Back in July former World Bank urban planner Alain Bertaud and his wife Marie-Agnes, a fellow professional in the field, came down to New Zealand at the invitation of the NZ Initiative and the Minister of Finance’s office to deliver a series of talks on urban economics. He had a number of thought-provoking things to say to urbanists of all stripes – a message that was very much in line with Transportblog’s core principles and big ideas.

He looks much happier in person

While Bertaud is sometimes cited as a proponent of low-density urban sprawl and motorway development, his arguments about urban development were nuanced and thoughtful. The Bertauds are, after all, urbanists themselves. They have chosen to live in vibrant, dense, and diverse cities – Paris, Washington, D.C., and lately New York. (That’s a revealed preference if I’ve ever seen one – they certainly don’t live in Houston!)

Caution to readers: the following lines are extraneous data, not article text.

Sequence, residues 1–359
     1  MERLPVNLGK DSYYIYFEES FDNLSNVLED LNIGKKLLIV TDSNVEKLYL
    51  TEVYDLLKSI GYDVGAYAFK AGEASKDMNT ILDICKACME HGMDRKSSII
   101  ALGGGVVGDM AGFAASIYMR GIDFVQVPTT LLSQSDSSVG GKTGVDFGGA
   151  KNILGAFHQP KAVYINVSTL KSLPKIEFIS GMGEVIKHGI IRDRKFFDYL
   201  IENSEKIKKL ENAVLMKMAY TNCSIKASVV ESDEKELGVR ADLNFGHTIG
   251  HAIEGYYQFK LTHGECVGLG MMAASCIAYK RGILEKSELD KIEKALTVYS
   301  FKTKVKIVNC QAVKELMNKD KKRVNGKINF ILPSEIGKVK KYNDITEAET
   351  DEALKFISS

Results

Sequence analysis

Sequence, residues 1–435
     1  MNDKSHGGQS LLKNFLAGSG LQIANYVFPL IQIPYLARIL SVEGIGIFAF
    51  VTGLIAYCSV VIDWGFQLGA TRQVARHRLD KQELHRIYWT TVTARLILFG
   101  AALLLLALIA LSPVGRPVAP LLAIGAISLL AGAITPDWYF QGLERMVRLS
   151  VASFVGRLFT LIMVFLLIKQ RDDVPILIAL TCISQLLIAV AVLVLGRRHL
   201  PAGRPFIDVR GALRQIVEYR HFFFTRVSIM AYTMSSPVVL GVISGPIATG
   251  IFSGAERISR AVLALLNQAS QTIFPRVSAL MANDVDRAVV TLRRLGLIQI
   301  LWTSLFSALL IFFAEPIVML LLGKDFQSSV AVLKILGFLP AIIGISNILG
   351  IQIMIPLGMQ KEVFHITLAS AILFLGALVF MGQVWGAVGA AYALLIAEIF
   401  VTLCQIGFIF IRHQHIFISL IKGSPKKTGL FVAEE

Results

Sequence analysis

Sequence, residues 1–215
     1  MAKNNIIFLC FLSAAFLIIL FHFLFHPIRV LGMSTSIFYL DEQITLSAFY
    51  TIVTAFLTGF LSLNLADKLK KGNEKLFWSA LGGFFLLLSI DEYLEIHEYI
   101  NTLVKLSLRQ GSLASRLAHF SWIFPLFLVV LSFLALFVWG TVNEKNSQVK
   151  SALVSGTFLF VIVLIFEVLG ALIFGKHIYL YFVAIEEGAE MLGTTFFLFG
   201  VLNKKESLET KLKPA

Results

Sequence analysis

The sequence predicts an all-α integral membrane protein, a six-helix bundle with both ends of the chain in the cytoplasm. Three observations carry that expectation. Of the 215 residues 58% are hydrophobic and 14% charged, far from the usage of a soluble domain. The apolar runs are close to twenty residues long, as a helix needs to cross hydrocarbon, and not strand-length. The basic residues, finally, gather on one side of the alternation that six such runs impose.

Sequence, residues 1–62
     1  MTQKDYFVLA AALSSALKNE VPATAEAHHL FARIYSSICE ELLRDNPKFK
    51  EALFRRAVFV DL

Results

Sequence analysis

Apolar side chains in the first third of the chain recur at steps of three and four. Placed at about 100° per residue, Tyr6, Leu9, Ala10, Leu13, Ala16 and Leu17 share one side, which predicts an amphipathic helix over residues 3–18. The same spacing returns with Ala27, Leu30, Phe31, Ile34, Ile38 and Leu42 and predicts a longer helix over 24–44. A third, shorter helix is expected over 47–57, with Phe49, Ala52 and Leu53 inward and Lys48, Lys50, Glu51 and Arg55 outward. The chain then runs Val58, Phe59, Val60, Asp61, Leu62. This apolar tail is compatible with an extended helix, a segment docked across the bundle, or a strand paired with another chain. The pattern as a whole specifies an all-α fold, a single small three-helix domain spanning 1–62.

In addition to seeing Bertaud’s talk , which is available online here (pdf), I was lucky enough to sit in on a smaller discussion section with other professionals in the field. I took three key messages away from the talk and the conversation.

First, cities are labour markets. We often forget this fact, even though it’s the reason we have cities at all. Cities are the physical expression of agglomeration economies, or the productivity advantages of locating near other people and businesses. In Bertaud’s view, ensuring the efficiency of urban labour markets means ensuring that people can access a large number of jobs from their homes.

As a result, he argued that urban and transport planning should aim to keep down commute times. He recommended looking at two key measures – first, the number of jobs available within a 30 minute drive, and second, the number of jobs available within a 45 to 60 minute public transport journey. Here, for example, is his analysis of commute times in Singapore and the US.